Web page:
THE High Court has refused the granting of an interim injunction sought by three unions against measures taken by the government to restrict access to public places for individuals who have not been vaccinated or show evidence of being COVID-19-free. Taking centre stage on the issue is the concept of the public interest, taken here to mean measures taken by the government to ensure the welfare and well-being of the general population and, for that matter, the society as a whole.
Several repercussions flow from that High Court decision. The first and perhaps more significant, is that the government’s vaccination policy requiring proof of vaccination or a negative test before entry to designated public spaces will continue until such time that the matter is substantively heard and determined. This ruling clears the way for the government to continue to aggressively pursue its vaccination programme, especially in light of an apparent surge in the number of COVID-19 infections, and regrettably, avoidable deaths.
A second point worthy of noting is what the court determined as a duty of the state to take steps to avert the spread of the virus in the public interest. It was noted that on the basis of a balance of convenience, the interest of the wider public far outweighs the granting of the interim injunction sought by the unions. It is that consideration which appeared to have tilted the scales in favour of the court not exercising its discretion against the COVID-19 measures taken by the PPP/C administration.
It should be recalled that a few unions representing teachers, nurses and other categories of public servants had asked the court to grant interim injunctive relief and declarations against the state by lifting the measures which they felt are ‘harsh’ and which, in their opinion, are in violation of the constitutional rights of individuals as they relate to the element of ‘choice.’ The three unions are the Guyana Teachers’ Union (GTU), the Guyana Public Service Union (GPSU) and the umbrella organisation encompassing these two unions, the Guyana Trades Union Congress (GTUC).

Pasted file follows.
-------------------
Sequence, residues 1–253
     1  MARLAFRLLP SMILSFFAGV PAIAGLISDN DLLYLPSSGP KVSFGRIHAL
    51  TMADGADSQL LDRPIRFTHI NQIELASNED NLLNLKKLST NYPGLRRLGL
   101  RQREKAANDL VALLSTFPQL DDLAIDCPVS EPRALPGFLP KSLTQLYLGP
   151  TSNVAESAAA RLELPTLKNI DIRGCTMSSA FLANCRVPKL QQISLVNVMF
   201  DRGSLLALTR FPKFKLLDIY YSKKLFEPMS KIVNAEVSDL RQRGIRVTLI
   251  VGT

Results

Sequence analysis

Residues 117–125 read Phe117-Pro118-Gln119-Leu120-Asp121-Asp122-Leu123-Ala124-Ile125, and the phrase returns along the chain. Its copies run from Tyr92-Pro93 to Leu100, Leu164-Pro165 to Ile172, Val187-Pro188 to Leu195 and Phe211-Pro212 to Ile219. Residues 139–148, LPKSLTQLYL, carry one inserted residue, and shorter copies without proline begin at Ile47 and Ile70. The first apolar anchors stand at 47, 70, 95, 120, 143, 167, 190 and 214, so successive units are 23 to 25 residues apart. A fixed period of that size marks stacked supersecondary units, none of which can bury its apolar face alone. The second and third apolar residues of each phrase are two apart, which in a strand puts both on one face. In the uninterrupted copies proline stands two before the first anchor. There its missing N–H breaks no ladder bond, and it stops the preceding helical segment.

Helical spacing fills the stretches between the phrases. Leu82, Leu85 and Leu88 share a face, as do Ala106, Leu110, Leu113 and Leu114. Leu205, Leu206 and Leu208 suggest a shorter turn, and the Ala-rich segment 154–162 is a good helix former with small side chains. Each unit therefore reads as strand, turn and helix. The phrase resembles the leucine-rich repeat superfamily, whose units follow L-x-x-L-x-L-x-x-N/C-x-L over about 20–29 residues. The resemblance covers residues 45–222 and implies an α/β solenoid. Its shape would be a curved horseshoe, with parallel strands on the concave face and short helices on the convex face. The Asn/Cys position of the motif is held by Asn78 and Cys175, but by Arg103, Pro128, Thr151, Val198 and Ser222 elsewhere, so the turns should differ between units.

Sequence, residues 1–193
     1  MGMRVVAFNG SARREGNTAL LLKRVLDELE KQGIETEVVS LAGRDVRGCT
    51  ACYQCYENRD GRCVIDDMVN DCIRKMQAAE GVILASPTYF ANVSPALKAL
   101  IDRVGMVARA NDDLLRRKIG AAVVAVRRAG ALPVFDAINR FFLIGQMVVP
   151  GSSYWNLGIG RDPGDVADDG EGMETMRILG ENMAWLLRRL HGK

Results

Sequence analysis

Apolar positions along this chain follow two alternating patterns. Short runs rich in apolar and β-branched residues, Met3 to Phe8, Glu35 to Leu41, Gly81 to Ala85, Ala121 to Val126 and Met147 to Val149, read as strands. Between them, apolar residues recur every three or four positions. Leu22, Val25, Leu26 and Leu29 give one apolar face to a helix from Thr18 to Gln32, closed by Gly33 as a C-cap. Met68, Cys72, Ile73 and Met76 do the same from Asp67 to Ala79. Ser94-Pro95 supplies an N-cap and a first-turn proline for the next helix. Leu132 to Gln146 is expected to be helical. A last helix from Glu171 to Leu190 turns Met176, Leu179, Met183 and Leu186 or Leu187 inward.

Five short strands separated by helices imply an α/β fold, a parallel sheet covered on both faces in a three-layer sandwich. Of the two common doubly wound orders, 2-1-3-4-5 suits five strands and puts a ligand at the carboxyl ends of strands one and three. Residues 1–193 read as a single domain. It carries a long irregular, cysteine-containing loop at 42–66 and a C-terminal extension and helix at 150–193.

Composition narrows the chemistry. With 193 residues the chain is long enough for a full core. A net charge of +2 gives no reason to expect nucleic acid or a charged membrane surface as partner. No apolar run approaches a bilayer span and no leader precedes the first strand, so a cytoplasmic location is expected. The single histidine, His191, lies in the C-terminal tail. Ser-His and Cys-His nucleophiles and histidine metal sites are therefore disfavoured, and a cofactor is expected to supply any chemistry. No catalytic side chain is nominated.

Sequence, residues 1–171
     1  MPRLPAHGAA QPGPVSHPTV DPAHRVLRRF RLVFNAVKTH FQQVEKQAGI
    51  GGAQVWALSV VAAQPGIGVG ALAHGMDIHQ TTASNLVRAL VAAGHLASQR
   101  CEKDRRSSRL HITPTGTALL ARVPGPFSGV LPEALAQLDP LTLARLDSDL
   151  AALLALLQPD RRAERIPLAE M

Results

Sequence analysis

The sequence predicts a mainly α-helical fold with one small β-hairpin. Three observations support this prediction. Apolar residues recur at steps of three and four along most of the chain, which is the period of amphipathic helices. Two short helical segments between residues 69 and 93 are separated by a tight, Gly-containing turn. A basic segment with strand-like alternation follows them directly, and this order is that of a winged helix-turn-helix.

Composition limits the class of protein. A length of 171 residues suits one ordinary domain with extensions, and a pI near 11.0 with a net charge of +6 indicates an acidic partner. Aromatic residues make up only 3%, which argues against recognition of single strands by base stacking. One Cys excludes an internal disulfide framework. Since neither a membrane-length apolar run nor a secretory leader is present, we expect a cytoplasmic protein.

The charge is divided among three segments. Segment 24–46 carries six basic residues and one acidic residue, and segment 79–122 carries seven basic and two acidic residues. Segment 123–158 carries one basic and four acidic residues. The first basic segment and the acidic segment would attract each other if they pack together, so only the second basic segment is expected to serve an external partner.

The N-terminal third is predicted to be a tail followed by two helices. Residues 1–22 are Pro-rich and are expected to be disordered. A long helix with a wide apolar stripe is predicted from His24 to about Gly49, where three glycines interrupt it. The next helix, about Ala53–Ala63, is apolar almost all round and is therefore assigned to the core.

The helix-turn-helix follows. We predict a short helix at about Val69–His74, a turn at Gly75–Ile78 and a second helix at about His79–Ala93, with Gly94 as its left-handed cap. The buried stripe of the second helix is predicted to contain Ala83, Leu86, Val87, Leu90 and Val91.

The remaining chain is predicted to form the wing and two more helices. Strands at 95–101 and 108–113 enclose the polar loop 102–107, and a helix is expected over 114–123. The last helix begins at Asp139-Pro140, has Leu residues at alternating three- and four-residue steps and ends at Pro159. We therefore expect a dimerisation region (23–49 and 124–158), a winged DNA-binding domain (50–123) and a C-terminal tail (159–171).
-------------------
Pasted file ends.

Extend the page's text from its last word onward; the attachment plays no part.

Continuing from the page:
Instructively, the High Court in its ruling found that the world has been severely impacted by the effects of the COVID-19 pandemic and that governments throughout the world have employed various measures to contain and reduce the spread of the disease, including mandatory lockdowns, quarantine, curfews and the wearing of masks.
The fact is that Guyana is not unique in terms of the measures it has taken to curb the disease and certainly not the most harsh in so far as the measures implemented elsewhere in the world. As to why the three unions have embarked on such a course of action to stymie the government’s efforts to safeguard the nation’s health against the deadly COVID virus is, to say the least, mind-boggling. One cannot, however, ignore the fact that all of the unions that are party to the court action are known to have taken positions not dissimilar to that of the opposition APNU+AFC Coalition on the issue of the COVID-19 vaccines and, for that matter, on other extraneous issues which have little if any bearing on industrial relations.
Such convergence of thinking on the part of the three unions and the political opposition raises more questions than answers. Could it be a case of using the trade union movement to mount a platform of opposition to the government with a view to obstruct the administration from its several policy initiatives to foster the national good as in the case regarding its stance on the vaccination issue? Have the unions in question bought into a false narrative of the APNU+AFC Coalition regarding the ‘legitimacy’ of the PPP/C administration, an allegation that has become discredited and wholly lacking in substance?
Whatever it is, the recourse of the three unions to seek an order from the court to injunct the government is at best short-sighted and certainly not in the best national interest. The fact that the High Court has so determined is refreshing in its own right, even though a date is still to be fixed for a substantive hearing of the matter.
The debate as to what is meant by the term ‘national interest’ will continue, and as mentioned by Justice Corbin-Lincoln in her ruling, ‘the court is not deaf to the debate raging across the world, with respect to the ethicality and effectiveness of mandatory vaccination.’ And while everything seems to suggest that vaccine hesitancy is a big issue in Guyana, the Government of Guyana is leaving no stone unturned to ensure that public health and by extension the public interest is a top national priority.
The government for its part is not relenting on its insistence that all adults show proof of being vaccinated or being COVID-19-free before entering public spaces, a move now being emulated by private sector organisations. And with good reason. If there is one issue that cannot be left to chance it is the health and safety of the Guyanese people. In this regard, full credit must be given to the PPP/C administration for standing firm on the issue of the nation’s health, despite resistance from a misguided few.